Glass - Back to the Future!

Presenting Author:
Toshiro Oniki

article posted 06 April 2016

Toshiro Oniki March 2004 Graduate from Yokohama National University
April 2004 Enter IHI Corporation
From 2004 to 2016 Engaged in development of treatment and vitrification technology for radioactive waste

Development of glass melting process for LLW-Glass formulation testing to be compatible with composition changes

Toshiro Oniki*1, Yasutomo Tajiri1, Takahiro Tachibana1, Toyonobu Nabemoto1, Toshiki Fukui1, Sohei Sukenaga2, Hiroyuki Shibata2
1Nuclear Fuel Cycle Project Department, Nuclear Power Operations, IHI Corporation, Japan
2Institute of Multidisciplinary Research for Advanced Materials,Tohoku University, Japan

The basic research programs for the next generation vitrification technology, which are commissioned project from Ministry of Economy, Trade and Industry of Japan to IHI Corporation, Japan Nuclear Fuel Limited (JNFL), Japan Atomic Energy Agency (JAEA) and Central Research Institute of Electric Power Industry (CRIEPI), have been implemented from 2014 for developing the advanced vitrification technology of low level wastes (LLW) and high level liquid wastes (Fig.1).
Various kinds of LLW generated from reprocessing plant and nuclear power plant in Japan have been typically treated by various methods such as incineration, compression, cement solification, however, not introduced verification.
On the other hand, there is a potential generation of LLW which has relatively high radioactivity level in case of conducting the decommissioning of reprocessing plant and nuclear power plants. Therefore, various kinds of the solidification and the volume reduction technologies have been developed in order to ensure the stable forms with smaller volumes for the LLW disposal. Some kinds of LLW such as ion-exchange resin, ash, concentrated waste liquid, and sludge have selected as target waste in this development. In order to improve process capabilities and product quality requirements, the vitrification technology has been selected for LLW treatment in some countries.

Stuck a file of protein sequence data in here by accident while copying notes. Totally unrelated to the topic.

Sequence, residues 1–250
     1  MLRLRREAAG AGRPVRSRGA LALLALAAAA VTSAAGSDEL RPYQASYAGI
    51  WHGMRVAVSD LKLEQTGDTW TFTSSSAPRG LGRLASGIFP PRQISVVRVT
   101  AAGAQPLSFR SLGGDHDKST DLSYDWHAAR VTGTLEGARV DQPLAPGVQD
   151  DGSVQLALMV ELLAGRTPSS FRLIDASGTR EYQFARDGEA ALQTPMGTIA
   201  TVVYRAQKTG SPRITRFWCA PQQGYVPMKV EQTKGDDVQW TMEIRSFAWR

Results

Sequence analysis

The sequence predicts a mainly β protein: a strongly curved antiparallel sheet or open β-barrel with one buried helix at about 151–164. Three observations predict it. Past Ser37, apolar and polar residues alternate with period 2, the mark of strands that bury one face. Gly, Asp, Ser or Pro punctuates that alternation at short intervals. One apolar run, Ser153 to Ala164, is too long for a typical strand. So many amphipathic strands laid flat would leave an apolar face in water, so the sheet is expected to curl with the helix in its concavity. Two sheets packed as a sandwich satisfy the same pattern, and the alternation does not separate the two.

This study describes the results of a series of tests that have been performed to assess the potential application of the vitrification technology to concentrated waste liquid with high concentration sodium, which is one of the major LLW. Laboratory-scale testing was performed to develop appropriate LLW glass formulations that could have higher waste loading and higher durability. The product glasses have been assessed by XRD, SEM/EDS analysis. At the some compositions which added Al for improving durability, it could confirm to be fully melted without phase separation (Fig.2). The candidate glass formulations have been assessed with respect to the glass leaching rate by PCT method, glass properties such as density and viscosity, and glass structure in order to evaluate and select the optimum glass formulation by the crucible tests.